The case is connected to an individual who few to Scotland from Rio de Janeiro via Paris and arrived in Edinburgh on February 19.
First Minister Nicola Sturgeon said the passenger had followed the rules around hotel quarantine and added there was no sign of any onward community transmission, with contact tracing ongoing for other individuals on the flight.
The flight from Paris to Edinburgh included 22 passengers, with 11 passengers exempt from quarantining in hotels and instead allowed to self-isolate at home.
The rest of the flight went directly into hotel quarantine.
Negative test results for 13 individuals were recorded on day two and day eight of their isolation period, with the National Contact Tracing Centre following up with the other eight passengers.
No further positive cases of the Brazilian variant linked to this case have been detected in Scotland.
Ms Sturgeon said: “A possible – although still unconfirmed – further case of the P1 variant in Scotland has now been identified. It involves an individual who travelled to Scotland from Rio de Janeiro, via Paris, and arrived on February 19.
"The individual followed the procedures for managed self-isolation and we currently have no reason to believe that this case presents any risk to the wider community. However, we are of course continuing to undertake all necessary follow-up work.”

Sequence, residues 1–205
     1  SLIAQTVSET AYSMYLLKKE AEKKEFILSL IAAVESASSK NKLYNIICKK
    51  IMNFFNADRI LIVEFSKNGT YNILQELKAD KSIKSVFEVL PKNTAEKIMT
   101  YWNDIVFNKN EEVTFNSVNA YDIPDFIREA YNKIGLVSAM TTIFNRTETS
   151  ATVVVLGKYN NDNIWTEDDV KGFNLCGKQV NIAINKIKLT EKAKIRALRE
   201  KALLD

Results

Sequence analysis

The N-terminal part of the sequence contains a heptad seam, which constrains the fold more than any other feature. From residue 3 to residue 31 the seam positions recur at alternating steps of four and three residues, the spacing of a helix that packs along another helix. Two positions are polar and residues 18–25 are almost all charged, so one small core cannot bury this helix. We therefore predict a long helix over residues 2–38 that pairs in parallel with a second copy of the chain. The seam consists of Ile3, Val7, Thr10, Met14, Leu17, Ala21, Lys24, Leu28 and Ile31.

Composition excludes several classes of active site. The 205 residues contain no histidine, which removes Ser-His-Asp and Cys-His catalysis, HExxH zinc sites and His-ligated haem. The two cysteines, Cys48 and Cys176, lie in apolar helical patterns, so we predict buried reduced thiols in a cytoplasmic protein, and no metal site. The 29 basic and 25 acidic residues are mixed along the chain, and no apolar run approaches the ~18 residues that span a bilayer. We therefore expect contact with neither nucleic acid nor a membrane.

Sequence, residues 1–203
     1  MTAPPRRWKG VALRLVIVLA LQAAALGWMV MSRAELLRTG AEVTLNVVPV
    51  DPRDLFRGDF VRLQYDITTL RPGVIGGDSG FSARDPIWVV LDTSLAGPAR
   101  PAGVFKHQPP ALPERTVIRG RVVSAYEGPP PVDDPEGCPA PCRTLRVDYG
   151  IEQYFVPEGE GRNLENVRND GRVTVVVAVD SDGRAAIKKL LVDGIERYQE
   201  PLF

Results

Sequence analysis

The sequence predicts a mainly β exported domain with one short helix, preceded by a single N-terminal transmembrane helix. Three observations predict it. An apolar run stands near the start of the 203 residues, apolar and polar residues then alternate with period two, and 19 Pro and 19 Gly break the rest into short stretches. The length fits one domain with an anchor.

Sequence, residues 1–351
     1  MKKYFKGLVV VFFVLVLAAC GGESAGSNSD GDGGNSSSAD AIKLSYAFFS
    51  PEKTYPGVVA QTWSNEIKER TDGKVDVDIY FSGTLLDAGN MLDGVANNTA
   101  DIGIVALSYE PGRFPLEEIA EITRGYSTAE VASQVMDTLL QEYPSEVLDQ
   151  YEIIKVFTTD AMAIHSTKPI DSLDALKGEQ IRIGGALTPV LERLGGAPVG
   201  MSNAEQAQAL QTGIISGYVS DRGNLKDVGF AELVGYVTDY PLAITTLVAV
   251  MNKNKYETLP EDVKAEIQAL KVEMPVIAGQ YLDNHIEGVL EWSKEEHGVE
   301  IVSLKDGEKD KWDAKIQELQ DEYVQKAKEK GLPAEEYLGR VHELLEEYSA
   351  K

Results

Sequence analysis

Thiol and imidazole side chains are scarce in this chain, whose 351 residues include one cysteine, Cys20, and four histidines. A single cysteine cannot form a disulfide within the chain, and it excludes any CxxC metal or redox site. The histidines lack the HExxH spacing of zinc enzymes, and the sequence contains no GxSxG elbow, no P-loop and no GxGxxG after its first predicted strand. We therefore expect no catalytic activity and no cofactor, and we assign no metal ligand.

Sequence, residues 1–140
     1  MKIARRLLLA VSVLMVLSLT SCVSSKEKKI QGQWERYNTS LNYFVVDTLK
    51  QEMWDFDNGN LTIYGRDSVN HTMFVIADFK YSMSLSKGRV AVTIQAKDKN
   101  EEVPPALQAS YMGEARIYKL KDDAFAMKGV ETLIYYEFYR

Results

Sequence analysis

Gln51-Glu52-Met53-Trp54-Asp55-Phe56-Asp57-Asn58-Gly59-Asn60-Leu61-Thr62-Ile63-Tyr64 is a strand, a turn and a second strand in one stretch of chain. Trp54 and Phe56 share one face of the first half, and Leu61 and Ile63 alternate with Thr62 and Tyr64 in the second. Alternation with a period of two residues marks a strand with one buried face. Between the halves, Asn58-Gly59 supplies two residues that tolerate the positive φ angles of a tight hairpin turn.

It is the second time a variant of concern has been detected in Scotland following three cases identified in the north east of Scotland in late February.
That case had arrived via a flight from Heathrow to Aberdeen on January 29, with genomic sequencing identifying it as a variant of concern on February 27.
The P1 “Brazilian” variant is a descendent of B.1.1.28 and was first detected in Japan, but is most closely associated with the second wave epidemic in Manaus, Brazil.
This variant has been designated ‘of concern’ as it shares some important mutations with the variant first identified in South Africa. It is possible this variant may respond less well to current vaccines.
This effect on vaccines is still highly uncertain, with clinical and trial data awaited for a clearer picture.